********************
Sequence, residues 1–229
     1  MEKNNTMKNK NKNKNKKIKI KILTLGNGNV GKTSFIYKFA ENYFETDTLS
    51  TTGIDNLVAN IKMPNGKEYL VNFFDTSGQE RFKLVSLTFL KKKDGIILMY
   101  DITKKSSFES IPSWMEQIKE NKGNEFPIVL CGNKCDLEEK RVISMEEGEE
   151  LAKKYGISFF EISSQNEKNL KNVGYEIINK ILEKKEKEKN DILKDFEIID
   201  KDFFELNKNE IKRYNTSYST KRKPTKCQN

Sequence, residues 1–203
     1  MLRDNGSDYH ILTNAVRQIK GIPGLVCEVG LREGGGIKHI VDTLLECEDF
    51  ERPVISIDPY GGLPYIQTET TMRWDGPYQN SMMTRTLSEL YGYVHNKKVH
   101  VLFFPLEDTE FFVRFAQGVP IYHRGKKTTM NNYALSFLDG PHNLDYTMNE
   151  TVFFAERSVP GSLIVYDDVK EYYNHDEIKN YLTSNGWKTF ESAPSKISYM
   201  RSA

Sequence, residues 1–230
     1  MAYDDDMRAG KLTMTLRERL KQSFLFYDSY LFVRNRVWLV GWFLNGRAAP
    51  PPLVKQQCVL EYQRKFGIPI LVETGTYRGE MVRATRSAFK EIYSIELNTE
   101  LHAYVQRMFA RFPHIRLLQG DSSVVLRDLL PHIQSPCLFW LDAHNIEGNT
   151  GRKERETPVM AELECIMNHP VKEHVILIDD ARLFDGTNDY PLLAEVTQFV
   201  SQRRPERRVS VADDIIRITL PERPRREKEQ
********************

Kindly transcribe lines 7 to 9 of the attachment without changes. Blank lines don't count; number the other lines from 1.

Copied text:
Sequence, residues 1–203
     1  MLRDNGSDYH ILTNAVRQIK GIPGLVCEVG LREGGGIKHI VDTLLECEDF
    51  ERPVISIDPY GGLPYIQTET TMRWDGPYQN SMMTRTLSEL YGYVHNKKVH